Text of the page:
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Tag: cooling

Cave sediments suggest global cooling 13K years ago not caused by asteroid

Cave sediments suggest global cooling 13K years ago not caused by asteroid

Science
July 31 (UPI) -- Geochemical signatures found in sediments recovered from a Texas cave suggest the Younger Dryas, a period of global cooling that occurred 13,000 years ago, was caused by a series of Earth-based processes, not an extraterrestrial impact. Previously, scientists in search of an explanation for the Younger Dryas have pointed to spikes in several rare earth metals as evidence that an asteroid or comet impact triggered the cooling. Advertisement Most recently, when researchers looked at the sedimentary evidence, they found these spikes in rare earth metals actually featured relatively low concentrations of iridium, ruthenium, platinum, palladium and rhenium -- levels inconsistent with an extraterrestrial impact event. "The isotopic signatures and concentrations can be explained...
Parts of the ocean are still cooling, study suggests

Parts of the ocean are still cooling, study suggests

Science
Jan. 4 (UPI) -- Most of the world's oceans are responding to global warming, but new research suggests there are still pockets of the deep ocean where ancient cooling processes continue to play out. Scientists at the Woods Hole Oceanographic Institution and Harvard University determined the deep Pacific Ocean is still responding to the 16th century's Little Ice Age. "Climate varies across all timescales," Peter Huybers, professor of earth and planetary sciences at Harvard, said in a news release. "Some regional warming and cooling patterns, like the Little Ice Age and the Medieval Warm Period, are well known. Our goal was to develop a model of how the interior properties of the ocean respond to changes in surface climate." The model showed that ancient cooling likely persists in deeply in...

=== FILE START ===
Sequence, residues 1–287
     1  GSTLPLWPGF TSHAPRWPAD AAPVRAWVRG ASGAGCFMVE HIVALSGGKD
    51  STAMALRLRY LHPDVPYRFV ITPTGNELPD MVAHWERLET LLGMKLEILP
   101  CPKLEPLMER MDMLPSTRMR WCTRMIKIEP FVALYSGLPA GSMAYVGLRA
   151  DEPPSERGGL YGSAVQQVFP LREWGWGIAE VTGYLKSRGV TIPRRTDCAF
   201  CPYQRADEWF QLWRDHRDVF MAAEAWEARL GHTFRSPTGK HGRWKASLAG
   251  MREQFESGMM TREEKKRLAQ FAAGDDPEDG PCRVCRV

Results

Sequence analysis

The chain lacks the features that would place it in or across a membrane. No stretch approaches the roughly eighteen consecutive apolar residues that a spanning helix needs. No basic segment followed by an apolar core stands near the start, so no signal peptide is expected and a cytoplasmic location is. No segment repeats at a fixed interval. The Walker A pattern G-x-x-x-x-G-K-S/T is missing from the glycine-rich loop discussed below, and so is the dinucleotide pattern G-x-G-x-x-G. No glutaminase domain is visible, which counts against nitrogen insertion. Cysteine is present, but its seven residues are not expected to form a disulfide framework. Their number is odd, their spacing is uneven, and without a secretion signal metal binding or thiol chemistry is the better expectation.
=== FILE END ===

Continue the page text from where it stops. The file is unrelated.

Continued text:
Climate change: Low cost, low energy cooling system shows promise

Climate change: Low cost, low energy cooling system shows promise

Science
Researchers in the US have scaled up a new low-cost system that could provide efficient cooling for homes while using very little electricity.The team has developed a roof-top sized array, built from a highly reflective material made from glass and polymers.In tests, the system kept water around 10C cooler than the ambient air when exposed to midday sunlight in summer. The approach could also be scaled up to cool power stations and data centres.The system is based around what's termed a cooling meta-material, which is essentially an engineered film not found in nature. Last year, researchers at CU Boulder in the US published research on the extraordinary properties of the new film, which reflects back almost all incoming light fr...
Deep fat fryers may help form cooling clouds

Deep fat fryers may help form cooling clouds

Science
Media playback is unsupported on your deviceFatty acids released into the air from cooking may contribute to the formation of clouds that cool the climate, say scientists.Fatty acid molecules comprise about 10% of fine particulates over London, and such particles help seed clouds.But researchers dismiss the idea that cooking fats could be used as a geo-engineering tool to reduce warming.Instead, the research is designed to help reduce uncertainties about the role of cooking fats on climate.Researchers believe the fatty molecules arrange themselves into complex 3-D structures in atmospheric droplets.These aerosols persist for longer than normal and can seed the formation of clouds which experts say can have a cooling effect on the climate.The authors say the study will shed new light on the...
Artificially cooling Earth is a 'highly risky strategy,' researchers warn

Artificially cooling Earth is a 'highly risky strategy,' researchers warn

Science
Nov. 14 (UPI) -- Some scientists and policy officials have proposed artificial cooling as a solution to global warming. But a new study suggests any such efforts would present serious risks.One of the most popular forms of geoengineering is the manipulation of clouds, using aerosols to promote cloud formation and cloud brightening. Higher concentrations of clouds -- and brighter clouds -- can help reflect sunlight and reduce warming.The introduction of large amounts of aerosols into the atmosphere by volcanic eruptions has in the past triggered periods of global cooling.But new analysis at the University of Exeter showed such geoengineering efforts could have unintended consequences. An influx of aerosols in the atmosphere in the Northern Hemisphere, for example, would be likely to encoura...